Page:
L.A. Murals: City Lights

The history of Los Angeles murals takes a path through most Los Angeles neighborhoods. Some observers say the story begins with the native Gabrieleno-Tongva peoples, who painted pictures on nearby rocks and cave walls.

In the 20th century, Olvera Street briefly became home to a landmark mural: David Alfaro Siqueiros’ “América Tropical,” a 1932 work that provocatively depicted a crucified Mexican worker. It was soon painted over.

In the ’70s, murals became a voice for L.A.’s burgeoning Chicano civil rights movement. In 1974, the “Great Wall of Los Angeles,” more than 2,700 feet long, was begun on a San Fernando Valley flood channel wall. In 1984, freeway murals announced the Los Angeles Summer Olympics. Today, murals — probably more than 1,500 — brighten walls from Alhambra to Venice.

Alejandro Poli Jr. ’93, whose artist name is Man One, has painted some of L.A.’s murals, including “The Downtown Artist at Large” and “Regenerations.” Murals have shaped his life and art. As a boy, he walked with his mother to markets in Boyle Heights and was awestruck by the murals of the legendary East Los Streetscapers. As a teen, Poli painted graffiti. But it was the art, not claiming a turf, that attracted him. “My goal wasn’t to be the biggest vandal in L.A.; my goal was to be the best artist in L.A.,” he says.

Poli studied fine arts at LMU. His work, now acclaimed, draws heavily on a graffiti style. He has received sponsorships and commissions from corporations and had his own gallery called Crewest. His murals can be seen in Panama, Mexico and Northern Ireland as well as Los Angeles. For Poli, the work was born in his childhood. “I dreamed of doing large-scale art on building walls,” he says.


By Christopher Torres ’09

Public space is the stage for urban life, where different cultures mash together to form the identity of a city.

As an urban designer and landscape architect, I spend my waking hours thinking, dreaming and designing public space. Los Angeles was not built with a grand city plan or main civic space, but rather grew primarily through private real estate interests, making public space second to profit. My passion for L.A.’s murals comes from their ability to broaden the range of people creating the city beyond politicians, developers and designers. Murals allow anyone with vision and a can of paint to invent new public spaces.

The murals I find most interesting are often in the hardest to reach, least inhabitable parts of the city: freeways, tunnels, bridges, and overpasses. By working with infrastructure, muralists do more than reclaim public spaces, they make new places. Many freeway murals were commissioned for the 1984 Olympics, such as “L.A. Freeway Kids” by Glenna Boltuch Avila and “Going to the Olympics” by Frank Romero. These murals are not only artistic but urban acts that assert that all space can be made beautiful.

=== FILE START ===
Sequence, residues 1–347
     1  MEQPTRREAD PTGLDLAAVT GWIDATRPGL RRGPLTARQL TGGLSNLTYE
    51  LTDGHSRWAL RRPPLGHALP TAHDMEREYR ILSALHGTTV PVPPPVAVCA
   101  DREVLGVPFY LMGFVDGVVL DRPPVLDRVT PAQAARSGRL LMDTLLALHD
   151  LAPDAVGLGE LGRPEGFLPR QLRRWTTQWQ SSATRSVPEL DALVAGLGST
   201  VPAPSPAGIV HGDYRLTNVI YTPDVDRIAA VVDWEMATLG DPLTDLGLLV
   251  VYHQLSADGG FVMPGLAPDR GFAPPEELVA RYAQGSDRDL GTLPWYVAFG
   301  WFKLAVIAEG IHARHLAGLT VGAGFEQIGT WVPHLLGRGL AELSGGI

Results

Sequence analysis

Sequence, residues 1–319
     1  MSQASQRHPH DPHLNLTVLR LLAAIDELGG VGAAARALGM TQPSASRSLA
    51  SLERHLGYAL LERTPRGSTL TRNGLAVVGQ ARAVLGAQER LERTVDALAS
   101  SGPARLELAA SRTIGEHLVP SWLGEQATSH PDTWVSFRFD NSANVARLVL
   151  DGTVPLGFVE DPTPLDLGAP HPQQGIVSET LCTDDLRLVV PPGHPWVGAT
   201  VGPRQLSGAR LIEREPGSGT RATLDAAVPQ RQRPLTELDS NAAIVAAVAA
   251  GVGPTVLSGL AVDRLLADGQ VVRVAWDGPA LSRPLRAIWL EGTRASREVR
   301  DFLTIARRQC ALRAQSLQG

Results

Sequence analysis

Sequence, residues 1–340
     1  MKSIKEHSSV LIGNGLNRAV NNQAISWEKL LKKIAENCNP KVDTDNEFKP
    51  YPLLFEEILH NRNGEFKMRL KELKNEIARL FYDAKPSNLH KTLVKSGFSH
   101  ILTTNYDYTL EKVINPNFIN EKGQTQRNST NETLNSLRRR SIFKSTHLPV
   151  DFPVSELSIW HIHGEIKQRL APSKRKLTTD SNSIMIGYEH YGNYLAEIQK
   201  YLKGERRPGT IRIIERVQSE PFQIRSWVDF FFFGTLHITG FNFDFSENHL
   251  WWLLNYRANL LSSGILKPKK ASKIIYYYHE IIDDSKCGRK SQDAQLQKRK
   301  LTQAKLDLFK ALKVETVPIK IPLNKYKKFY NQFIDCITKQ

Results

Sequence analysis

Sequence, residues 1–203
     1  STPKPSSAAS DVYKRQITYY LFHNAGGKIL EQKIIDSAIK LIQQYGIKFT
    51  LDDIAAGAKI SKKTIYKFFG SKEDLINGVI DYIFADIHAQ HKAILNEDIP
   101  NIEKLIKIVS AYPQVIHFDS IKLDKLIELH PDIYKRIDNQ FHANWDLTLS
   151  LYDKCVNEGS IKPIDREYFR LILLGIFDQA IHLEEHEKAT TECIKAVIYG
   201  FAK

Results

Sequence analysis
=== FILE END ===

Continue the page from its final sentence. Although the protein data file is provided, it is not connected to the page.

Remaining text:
Murals challenge the relationship between the artist and the viewer. In a traditional gallery, art becomes an object of consumption. Murals offer an interactive and collaborative relationship. When a mural is sited on a freeway wall, travelers become participants in the piece as they sit in traffic during a morning commute. By dissolving the barrier between artist and viewer, murals become a means for community to flourish.

Murals do more than change the city’s physical appearance. They make it possible to envision and create alternative ways of using public space, making Los Angeles more vibrant and interesting. Many trends shaping the design of new public spaces reflect an interest in drawing people out of their homes to engage with the community. I see a direct connection between murals, gourmet food trucks and an ever-growing network of farmers’ markets. L.A.’s streets are becoming a much more public place. This reclaiming of the public realm owes much to the past and present pioneering muralists of our city.

Christopher Torres ’09 is a landscape and urban designer at Rios Clementi Hale Studios in Los Angeles. He has studied murals in Los Angeles, New York and Paris.


by Cecilia González-Andrieu ’80, M.A. ’01

You can’t really see this mural from the street, so you stand there … peeking … and then someone says, “Entra, bienvenida.”